2016 has been a rocky year for the technology industry. The S&P North American Technology Software Index dropped by 22% in single month earlier in the year. While a handful of technology companies have recently had successful debuts, for the first six months of 2016, there were only two VC-backed technology companies to go public including Matrix portfolio company, Acacia Communications. Finally, there was a broad shift in mentality from growth at all costs to the need for sustainable growth and a path to profitability.
Given we are nearing the end of the year, I wanted to share a few charts on the software space which I feel highlight this key theme and illustrates where we are today.
The charts below contain an index of public software companies, including players like Box, Workday, HubSpot and Zendesk. I pulled their current valuation multiples, their projected three-year growth rates and their expected forward EBITDA margin as well as these statistics from last December.
There has always been a strong positive correlation between growth and valuation multiples for technology stocks. However, it is interesting that the r-squared between the two variables is lower today than it was at this time last year. Growth creates value but it is not a direct one-to-one relationship.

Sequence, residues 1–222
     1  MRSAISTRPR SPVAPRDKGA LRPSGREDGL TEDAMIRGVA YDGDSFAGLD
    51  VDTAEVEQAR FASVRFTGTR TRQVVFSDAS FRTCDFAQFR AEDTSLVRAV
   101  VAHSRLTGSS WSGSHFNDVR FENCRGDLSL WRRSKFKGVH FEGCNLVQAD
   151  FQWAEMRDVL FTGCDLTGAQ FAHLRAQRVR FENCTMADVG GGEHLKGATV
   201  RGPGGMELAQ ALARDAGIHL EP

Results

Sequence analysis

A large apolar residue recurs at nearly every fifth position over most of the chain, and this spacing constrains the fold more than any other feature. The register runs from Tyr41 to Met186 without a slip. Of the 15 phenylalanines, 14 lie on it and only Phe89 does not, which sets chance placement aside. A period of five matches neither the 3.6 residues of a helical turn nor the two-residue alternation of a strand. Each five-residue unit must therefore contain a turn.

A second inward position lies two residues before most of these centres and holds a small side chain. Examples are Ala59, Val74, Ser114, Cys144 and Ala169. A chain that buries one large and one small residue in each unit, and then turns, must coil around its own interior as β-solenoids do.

First, the r-squareds between EBITDA + growth to EV / sales are significantly higher than the r-squareds in initial charts. This difference demonstrates that margin clearly factors into the value of a company and public markets do not solely reward companies on growth alone. Second, the December 2016 chart above depicts an almost linear relationship between the two variables and a significantly higher r-squared (0.73) than the number in December 2015 (0.46). This shift highlights the change that has occurred over the course of the year: shareholders have become increasingly focused on sustainable vs. absolute growth. Discipline matters.
As we look ahead to 2017, we expect this the renewed focus on sustainable growth to continue.
Entrepreneurs should certainly not stop optimizing for growth and investing in their businesses. However, particularly as a company scales, capital efficiency and unit economics will matter for its private and potentially eventually public value. Focusing on sustainable growth early may reap significant dividends over the long-term.
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